Statement from LED Secretary Stephen Moret toDaily Report regarding a recent report from Greg Albrecht, chief economist at the Louisiana Legislative Fiscal Office, claiming LED has misinterpreted federal economic performance data for the state.
Mr. Albrecht is cherry picking the numbers. His approach would be like going to the Ole Miss game and saying LSU lost the game because Ole Miss won part of the game. Most people would consider the win/loss record to be based on the whole football game, not just part of the game.
Many of the states Mr. Albrecht is suggesting have economically outperformed Louisiana actually have less jobs today than they had in January 2008. It makes no sense to suggest such states have outperformed Louisiana during this administration’s time in office.
LED certainly has not misinterpreted any state employment data. According to official, published data from the U.S. Bureau of Labor Statistics, Louisiana’s private-sector job growth since January 2008 ranks second best in the South and fourth best in the country. In fact, considering total employment, Louisiana is one of only 21 states in the country (excluding D.C.) that has more jobs today than in January 2008. These are simple facts, verifiable with official BLS data. Note that Gov. Jindal took office in January 2008, which is why we have always used January 2008 as a reference point for comparing Louisiana’s economic performance against other states. Mr. Albrecht provided no evidence to refute any of these facts.
LED has consistently stated that Louisiana went into the recession later than most other states; experienced smaller job losses during the downturn than most other states; and came out of the recession earlier than most other states. Mr. Albrecht has provided no evidence to refute this.
Mr. Albrecht is correct that this administration has substantially reduced the size of government as well as the number of government jobs in Louisiana.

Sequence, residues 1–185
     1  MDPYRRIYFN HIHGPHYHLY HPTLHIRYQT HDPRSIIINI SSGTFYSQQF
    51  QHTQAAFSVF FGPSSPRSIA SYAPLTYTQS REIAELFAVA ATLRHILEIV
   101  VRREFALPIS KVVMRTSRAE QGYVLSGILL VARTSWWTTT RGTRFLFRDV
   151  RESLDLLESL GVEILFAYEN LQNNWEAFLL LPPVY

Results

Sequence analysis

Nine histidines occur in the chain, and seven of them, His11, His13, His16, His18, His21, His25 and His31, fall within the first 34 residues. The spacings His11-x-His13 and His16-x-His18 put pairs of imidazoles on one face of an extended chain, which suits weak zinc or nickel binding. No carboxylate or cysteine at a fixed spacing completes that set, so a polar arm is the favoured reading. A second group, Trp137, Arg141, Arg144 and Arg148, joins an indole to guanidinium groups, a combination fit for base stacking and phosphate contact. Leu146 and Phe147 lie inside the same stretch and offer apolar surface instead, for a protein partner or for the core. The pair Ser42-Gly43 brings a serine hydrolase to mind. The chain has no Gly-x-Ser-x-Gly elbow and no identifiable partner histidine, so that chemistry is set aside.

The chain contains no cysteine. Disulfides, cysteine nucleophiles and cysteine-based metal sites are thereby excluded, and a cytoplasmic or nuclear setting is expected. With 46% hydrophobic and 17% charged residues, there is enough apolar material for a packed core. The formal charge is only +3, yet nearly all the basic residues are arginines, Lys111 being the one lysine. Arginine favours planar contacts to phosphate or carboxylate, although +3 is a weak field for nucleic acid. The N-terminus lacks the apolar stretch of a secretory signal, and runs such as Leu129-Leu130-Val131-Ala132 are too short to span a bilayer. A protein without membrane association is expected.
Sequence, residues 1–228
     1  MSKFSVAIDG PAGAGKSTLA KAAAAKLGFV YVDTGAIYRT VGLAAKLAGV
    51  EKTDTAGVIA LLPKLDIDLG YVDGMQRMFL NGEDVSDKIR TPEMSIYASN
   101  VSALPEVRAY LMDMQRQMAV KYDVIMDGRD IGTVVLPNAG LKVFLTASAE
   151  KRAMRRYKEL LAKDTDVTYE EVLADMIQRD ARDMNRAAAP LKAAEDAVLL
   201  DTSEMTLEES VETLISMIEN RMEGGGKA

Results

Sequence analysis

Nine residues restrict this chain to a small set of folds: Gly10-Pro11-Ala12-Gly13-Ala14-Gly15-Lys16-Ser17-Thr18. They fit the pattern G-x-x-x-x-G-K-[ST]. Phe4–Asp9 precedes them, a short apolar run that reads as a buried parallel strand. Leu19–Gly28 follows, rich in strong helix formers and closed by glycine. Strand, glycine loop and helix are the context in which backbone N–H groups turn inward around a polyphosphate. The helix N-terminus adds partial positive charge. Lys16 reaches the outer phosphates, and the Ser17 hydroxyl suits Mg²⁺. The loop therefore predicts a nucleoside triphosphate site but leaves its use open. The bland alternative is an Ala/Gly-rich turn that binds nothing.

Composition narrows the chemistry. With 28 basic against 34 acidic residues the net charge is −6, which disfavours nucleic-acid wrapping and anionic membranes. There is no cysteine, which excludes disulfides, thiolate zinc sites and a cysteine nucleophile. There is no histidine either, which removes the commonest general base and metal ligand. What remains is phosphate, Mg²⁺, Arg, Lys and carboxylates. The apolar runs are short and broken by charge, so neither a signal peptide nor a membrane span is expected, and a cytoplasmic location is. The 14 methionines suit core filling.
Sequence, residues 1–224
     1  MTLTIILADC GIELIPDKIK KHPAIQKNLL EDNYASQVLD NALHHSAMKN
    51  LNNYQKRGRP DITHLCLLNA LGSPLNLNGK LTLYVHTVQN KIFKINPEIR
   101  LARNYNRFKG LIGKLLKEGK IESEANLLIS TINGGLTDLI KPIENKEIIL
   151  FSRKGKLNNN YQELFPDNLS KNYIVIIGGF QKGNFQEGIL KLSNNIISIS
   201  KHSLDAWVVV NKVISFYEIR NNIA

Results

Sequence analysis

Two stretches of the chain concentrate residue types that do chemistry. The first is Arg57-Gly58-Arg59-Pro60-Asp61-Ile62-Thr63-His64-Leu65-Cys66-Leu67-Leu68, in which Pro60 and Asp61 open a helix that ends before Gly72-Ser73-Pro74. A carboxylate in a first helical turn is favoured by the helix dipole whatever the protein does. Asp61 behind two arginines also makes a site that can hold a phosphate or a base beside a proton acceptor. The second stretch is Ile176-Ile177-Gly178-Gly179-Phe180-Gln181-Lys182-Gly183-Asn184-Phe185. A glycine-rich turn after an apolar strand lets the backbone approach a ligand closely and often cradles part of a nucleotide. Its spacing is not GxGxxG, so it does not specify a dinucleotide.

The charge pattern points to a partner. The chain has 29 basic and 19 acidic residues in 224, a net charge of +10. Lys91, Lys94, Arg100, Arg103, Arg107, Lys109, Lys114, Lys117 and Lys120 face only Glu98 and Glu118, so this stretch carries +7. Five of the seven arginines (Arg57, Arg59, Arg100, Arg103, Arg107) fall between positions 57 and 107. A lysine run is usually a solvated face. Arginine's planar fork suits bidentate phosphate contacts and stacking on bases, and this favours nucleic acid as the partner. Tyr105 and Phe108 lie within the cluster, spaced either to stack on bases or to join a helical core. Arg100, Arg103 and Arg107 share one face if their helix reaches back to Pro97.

Mr. Albrecht suggested in his analysis that Louisiana typically performs better in recessions, yet Louisiana actually trailed the South in coming out of the most recent recession prior to the Great Recession. We did much better in the Great Recession.
Suggesting that our unemployment rate in 2014 has something to do with a hurricane that occurred nearly a decade ago is illogical.
According to regional and national groups that track economic development projects (Southern Business & Development and Site Selection), Louisiana has secured substantially more significant business development projects per capita than most other Southern and national states over the last several years, which has been a significant contributor to our economic outperformance versus the South and U.S. overall since 2008. Additionally, we have been attracting projects in a wide variety of industry sectors, including software (e.g., IBM, CSC, CGI), digital media (e.g., EA, Gameloft), aerospace (e.g., Bell Helicopter, Northrop Grumman), and steel/iron production (e.g., Benteler Steel/Tube, Nucor), among others. Thanks to these business development wins and a variety of policy reforms, Louisiana now ranks among the top 10 states in the U.S. in most national business climate rankings, whereas our state never ranked in the top 10 in any of those rankings prior to 2008.
The best thing is that Louisiana’s economic outlook is excellent, as evidenced by Dr. Loren Scott’s recent forecast.
Louisiana Economic Development